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NTSB Final Report: Midland, MI

Location:

Midland, MI

Accident Number:

CEN18FA001

Date & Time:

10/01/20171447 EDT

Registration:

N2284U

Aircraft:

BRANTLY B 2B

Aircraft Damage:

Substantial

Defining Event:

Loss of tail rotor effectiveness

Injuries:

1 Fatal, 1 Minor

Flight Conducted Under:

Part 91: General Aviation - Personal


Analysis

The private pilot was conducting a local flight in the helicopter with a passenger. After departing from an open field, the pilot flew along the perimeter of the field, and the passenger recalled that about halfway around the perimeter of the field, the helicopter began descending, slowly at first and then more rapidly. According to the passenger, the rotor speed increased, but the helicopter continued to descend.

Ground-based video footage revealed that before it began descending, the helicopter was moving forward slowly when it yawed about 270° to the right. As it neared the ground, the helicopter again yawed to the right, completing nearly a 360° turn either immediately before or just after it contacted the ground. The helicopter came to rest on its left side. The engine continued to run after the helicopter came to rest, and the passenger shut it off.

Airframe and engine examinations did not reveal evidence of any anomalies consistent with a pre-impact failure or malfunction. Surface wind conditions recorded at nearby airports were light and variable.

Federal Aviation Administration publications regarding a loss of tail rotor effectiveness (LTE) state that in the event of a sudden, unanticipated right yaw, a pilot should apply full left pedal, simultaneously move the cyclic control forward to increase airspeed, and if altitude permits, reduce engine power. Factors that contribute to LTE are a high-power setting, which induces considerable main rotor downwash and more turbulence relative to a low power setting, and a slow forward speed, which may create variations in airflow around the tail rotor. The video footage showing a right yaw followed by a descent suggests that the pilot encountered LTE, which resulted in the 270° right yaw before the pilot was able to regain control. The additional power required by the tail rotor during the recovery reduced the power available to the main rotor and resulted in a descent that could not be arrested with the engine power available. It appeared that the pilot did not attempt to increase airspeed during the recovery, which reduced his ability to avoid impacting the ground.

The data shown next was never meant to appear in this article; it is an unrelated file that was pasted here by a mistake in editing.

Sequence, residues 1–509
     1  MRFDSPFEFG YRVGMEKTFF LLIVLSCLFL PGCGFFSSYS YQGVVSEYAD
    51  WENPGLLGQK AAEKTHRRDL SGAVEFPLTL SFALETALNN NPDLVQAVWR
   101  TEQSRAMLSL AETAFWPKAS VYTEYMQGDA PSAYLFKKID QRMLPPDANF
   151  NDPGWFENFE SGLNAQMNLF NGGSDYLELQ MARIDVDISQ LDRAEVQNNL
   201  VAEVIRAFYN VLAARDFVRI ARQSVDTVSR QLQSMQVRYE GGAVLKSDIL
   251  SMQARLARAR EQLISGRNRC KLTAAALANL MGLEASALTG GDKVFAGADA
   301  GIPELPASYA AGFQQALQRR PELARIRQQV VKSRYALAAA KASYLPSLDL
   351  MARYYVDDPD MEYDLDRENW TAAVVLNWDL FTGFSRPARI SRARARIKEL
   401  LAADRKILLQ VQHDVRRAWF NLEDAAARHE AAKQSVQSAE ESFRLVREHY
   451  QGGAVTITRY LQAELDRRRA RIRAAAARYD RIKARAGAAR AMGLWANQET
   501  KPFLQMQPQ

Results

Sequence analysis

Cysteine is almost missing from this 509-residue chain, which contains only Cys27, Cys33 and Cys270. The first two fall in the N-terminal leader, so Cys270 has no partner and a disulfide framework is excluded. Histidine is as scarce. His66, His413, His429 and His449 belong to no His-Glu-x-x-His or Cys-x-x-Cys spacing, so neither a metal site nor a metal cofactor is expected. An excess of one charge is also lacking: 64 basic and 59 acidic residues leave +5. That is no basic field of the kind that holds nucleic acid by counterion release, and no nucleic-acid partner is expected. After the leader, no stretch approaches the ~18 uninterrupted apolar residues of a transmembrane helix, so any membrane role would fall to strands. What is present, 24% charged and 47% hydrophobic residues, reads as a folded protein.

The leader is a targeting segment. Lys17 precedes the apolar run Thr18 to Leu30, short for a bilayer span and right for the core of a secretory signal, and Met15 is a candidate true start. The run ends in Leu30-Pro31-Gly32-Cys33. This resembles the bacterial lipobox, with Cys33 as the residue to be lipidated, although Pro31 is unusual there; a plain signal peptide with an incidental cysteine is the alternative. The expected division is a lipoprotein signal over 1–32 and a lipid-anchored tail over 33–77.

Probable Cause and Findings

The National Transportation Safety Board determines the probable cause(s) of this accident to be:

The pilot's failure to maintain control of the helicopter, which resulted in a loss of tail rotor effectiveness, and his failure to promptly initiate the proper recovery technique, which resulted in a descent that could not be arrested before impacting the terrain.

Findings

Aircraft

Performance/control parameters - Not attained/maintained (Cause)

Personnel issues

Identification/recognition - Pilot (Cause)

Use of policy/procedure - Pilot (Cause)

Aircraft control - Pilot (Cause)

Factual Information

History of Flight

Maneuvering

Loss of tail rotor effectiveness (Defining event)

Landing-flare/touchdown

Loss of control in flight

Uncontrolled descent

Collision with terr/obj (non-CFIT)


On October 1, 2017, at 1447 eastern daylight time, a Brantly B-2B helicopter, N2284U, was substantially damaged when it impacted terrain in an open field near Midland, Michigan. The private pilot sustained fatal injuries, and the passenger sustained minor injuries. The helicopter was registered to Attitude Toys, Inc., and was operated by the pilot as a Title 14 Code of Federal Regulations Part 91 personal flight. Day visual meteorological conditions prevailed, and no flight plan was filed. The local flight originated from the open field shortly before the accident.

Earlier in the day, the pilot flew the helicopter with a passenger from the Jack Barstow Airport (IKW), about 10 miles east-northeast of the accident site, to the open field to attend a family gathering that was taking place at a home adjacent to the field. The passenger on this flight stated that some minor turbulence was encountered, but the flight was otherwise uneventful.